Major Authors

Organized alphabetically (by last name or, if the writer goes by a toponymic, first name). Also consult the Luminarium entries for these authors.

Boccaccio

  • The Decameron Web originated as a teaching tool at Brown University and offers all sorts of perspectives on Boccaccio's Decameron and fourteenth-century Italian life. Boccaccio's Decameron, Teseida, Il Filostrato and other works were important sources and inspirations for Chaucer, Christine de Pizan, and others, so if you are dipping into Boccaccio's work for a particular project, this website will be invaluable. The "Pedagogy" section also provides some very useful suggestions and examples, especially for doing in-class presentations and working with secondary criticism.

Boethius

  • Boethius, a late Antique statesman and writer, wrote the Consolation of Philosophy, the most influential (short of the Bible) book in the Middle Ages. You can read his biography at the Stanford Encyclopedia of Philosophy and learn about the Wheel of Fortune, the influential medieval concept of the inexorability of fate.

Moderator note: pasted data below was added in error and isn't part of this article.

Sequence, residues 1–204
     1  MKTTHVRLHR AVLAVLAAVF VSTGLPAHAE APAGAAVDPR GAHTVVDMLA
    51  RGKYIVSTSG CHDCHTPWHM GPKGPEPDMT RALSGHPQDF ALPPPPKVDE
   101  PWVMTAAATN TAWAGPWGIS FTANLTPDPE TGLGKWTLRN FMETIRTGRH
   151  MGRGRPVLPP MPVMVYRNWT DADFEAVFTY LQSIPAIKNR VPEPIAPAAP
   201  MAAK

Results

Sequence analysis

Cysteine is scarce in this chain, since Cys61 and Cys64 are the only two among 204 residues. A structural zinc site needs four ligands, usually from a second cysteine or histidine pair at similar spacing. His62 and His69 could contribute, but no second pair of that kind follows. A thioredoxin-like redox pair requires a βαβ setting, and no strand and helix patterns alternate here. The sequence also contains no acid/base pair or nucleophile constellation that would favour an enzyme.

Christine de Pizan

  • For a quick biography of Christine, see the NNDB biography. Another biography from Kings College in PA also includes an annotated list of print and online resources.
  • I have found very few online full-text translations of Christine's work. The McMaster Medieval Women website provides passages from some of her works.
  • The Christine de Pizan Scriptorium has fully digitized many of her manuscripts, and provides a full index of all her manuscripts.
  • Quite a bit of work has been done with Christine's construction of her own literary authority in the manuscripts she designed to be presented to French royalty. Alan Farber (an Art Historian at SUNY Oneonta) has posted a teaching essay on the topic (complete with illustrations).
  • The British Library, in conjunction with the University of Edinburgh, has created a website dedicated to this manuscript (BL, Harley MS 4431), complete with a full digital facsimile.
  • Susan Groag Bell has also written a fascinating study of the portrayal of the woman writer at work in manuscripts of Christine's work: "Christine de Pizan in her Study," Cahiers de recherches médiévales et humanistes, Études christiniennes, 2008.

The Gawain-Poet